“Come to Heidelberg Theological Seminary and help the church by becoming a preacher.”
More than likely you have heard about the Macedonian Call recorded in the book of Acts. “And a vision appeared to Paul in the night. A man of Macedonia stood and pleaded with him, saying, ‘Come over to Macedonia and help us.’ Now after he had seen the vision, immediately we sought to go to Macedonia, concluding that the Lord had called us to preach the gospel to them” (Acts 16:9-10). Absent the vision, this is a similar call, a seminarian call to men, and especially, younger men of the Reformed Church in the United States (RCUS), to come to Heidelberg Theological Seminary and learn how to preach “the Holy Gospel, which God Himself revealed first in Paradise; afterwards proclaimed by the holy Patriarchs and Prophets, and foreshadowed by the sacrifices and other ceremonies of the law; and finally fulfilled by His well-beloved Son” (HC #19).
As with the Macedonian Call, this is an urgent call. Our denomination is facing a critical shortage of men who will be the next generation of preachers and teachers. That the church should and must produce preachers is the clear and necessary inference from the apostle Paul’s letter to Timothy: “And the things that you have heard from me among many witnesses, commit these to faithful men who will be able to teach others also” (II Tim. 2:2). The RCUS should be producing preachers from among its own sons. Sadly, that production has not been forthcoming, hence, this urgent call to the Gospel ministry, especially to the young men of the RCUS. This is a call for men who love the RCUS and its commitment to the Reformed faith, and who have a desire “to earnestly contend for the faith which was once for all delivered to the saints” (Jude 3).
The RCUS needs more of its young men to desire the office of pastor or teaching elder. The apostle Paul, again when writing to his young protégé, Timothy, says: “This is a faithful saying: If a man desires the position of a bishop, he desires a good work” (I Tim. 3:1). This is not only a good desire, but also a desire to be encouraged. Who should desire this office? Those who have the gift. The apostle Paul exhorted Timothy: “Do not neglect the gift that is in you, which was given to you by prophecy with the laying on of the hands of the eldership” (I Tim. 4:14). And again in II Tim. 1:6: “Therefore I remind you to stir up the gift of God which is in you through the laying on of my hands.”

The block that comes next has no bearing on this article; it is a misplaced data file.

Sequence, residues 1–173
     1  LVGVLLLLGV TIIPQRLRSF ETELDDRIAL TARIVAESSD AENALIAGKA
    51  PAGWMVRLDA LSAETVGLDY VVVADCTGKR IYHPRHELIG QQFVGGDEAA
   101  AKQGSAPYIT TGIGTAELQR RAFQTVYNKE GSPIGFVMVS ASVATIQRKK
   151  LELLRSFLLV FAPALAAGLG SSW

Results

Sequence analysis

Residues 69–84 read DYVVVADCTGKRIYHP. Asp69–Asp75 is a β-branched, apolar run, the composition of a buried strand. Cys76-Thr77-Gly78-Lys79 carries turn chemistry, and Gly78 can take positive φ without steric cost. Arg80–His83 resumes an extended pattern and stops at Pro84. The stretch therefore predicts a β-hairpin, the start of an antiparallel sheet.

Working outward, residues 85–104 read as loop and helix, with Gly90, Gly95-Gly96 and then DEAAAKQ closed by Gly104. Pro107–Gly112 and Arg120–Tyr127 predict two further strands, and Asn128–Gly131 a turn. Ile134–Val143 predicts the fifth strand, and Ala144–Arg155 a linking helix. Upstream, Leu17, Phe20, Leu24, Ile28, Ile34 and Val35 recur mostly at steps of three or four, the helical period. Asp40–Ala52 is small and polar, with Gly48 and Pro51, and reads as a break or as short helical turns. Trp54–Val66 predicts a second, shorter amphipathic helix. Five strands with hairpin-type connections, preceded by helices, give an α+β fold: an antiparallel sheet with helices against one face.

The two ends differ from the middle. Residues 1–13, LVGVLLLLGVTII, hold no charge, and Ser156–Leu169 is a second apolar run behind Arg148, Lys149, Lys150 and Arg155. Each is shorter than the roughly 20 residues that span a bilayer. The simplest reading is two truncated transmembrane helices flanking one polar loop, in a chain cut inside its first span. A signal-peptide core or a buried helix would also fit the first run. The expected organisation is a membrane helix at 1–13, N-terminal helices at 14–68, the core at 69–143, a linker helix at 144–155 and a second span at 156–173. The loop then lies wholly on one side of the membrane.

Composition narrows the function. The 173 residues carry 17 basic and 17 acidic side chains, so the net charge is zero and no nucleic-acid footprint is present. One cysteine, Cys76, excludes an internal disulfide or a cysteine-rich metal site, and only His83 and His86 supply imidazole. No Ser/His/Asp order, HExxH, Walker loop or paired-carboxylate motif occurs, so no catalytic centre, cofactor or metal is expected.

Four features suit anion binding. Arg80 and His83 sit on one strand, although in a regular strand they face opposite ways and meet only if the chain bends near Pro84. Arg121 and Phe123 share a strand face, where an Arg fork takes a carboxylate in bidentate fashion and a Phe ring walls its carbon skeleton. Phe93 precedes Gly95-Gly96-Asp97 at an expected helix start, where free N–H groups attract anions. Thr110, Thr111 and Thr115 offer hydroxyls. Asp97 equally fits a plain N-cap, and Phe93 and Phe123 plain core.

What is that gift that must not be neglected? That must be stirred up? How can one assess or know that gift? Can someone else recognize it in another? Let’s try to answer these questions.
When the apostle Paul returned to Lystra on his second missionary journey, some of the Christians called his attention to this extraordinary young man, Timothy, who had a very good reputation, free from scandal, and of whom great things were expected. So Paul decided to take him along on his journey. “Then [Paul] came to Derbe and Lystra, and behold, a certain disciple was there named Timothy, the son of a certain Jewish woman who believed, but his father was Greek. He was well spoken of by the brethren who were at Lystra and Iconium. Paul wanted to have him go with him” (cf. Acts 16:2-3). Thus began Timothy’s formal training under the tutelage of the gifted apostle Paul. In addition, Timothy was the product of a covenant home: “I call to remembrance the genuine faith that is in you, which dwelt first in your grandmother Lois and your mother Eunice, and I am persuaded is in you also . . . . you must continue in the things which you have learned and been assured of, knowing from whom you have learned them, and that from childhood you have known the Holy Scriptures which are able to make you wise for salvation through faith which is in Christ Jesus” (II Tim. 1:5; 3:14-15). Surely this is the description of young men in the RCUS!
Parents, pastors, elders, what are you doing to foster this desire in those young men who exhibit the gift for the ministry? What is that gift? What to look for?
We’ve already seen the remarkable character Timothy displayed. We are given more information with regard to what Paul saw in Timothy. “This charge I entrust to you, Timothy, my child, in accordance with the prophecies previously made concerning you … having faith and a good conscience” (I Tim. 1:18-19). “Having faith” indicates Timothy had a certain knowledge whereby he held for truth what God had revealed to him through the teaching and preaching of the apostle Paul. “Having a good conscience” indicated an awareness of certain things being right or wrong, and the ability to pass moral judgment upon oneself.
Do you know someone like this? Such should be encouraged to go to seminary, prepare for the ministry, seek the recognition of his gifts by the church through “the laying on of the hands of the eldership” (I Tim. 4:14), and become, like Timothy, “a worker who does not need to be ashamed, rightly dividing the word of truth” (II Tim. 2:15).
Rev. Vernon Pollema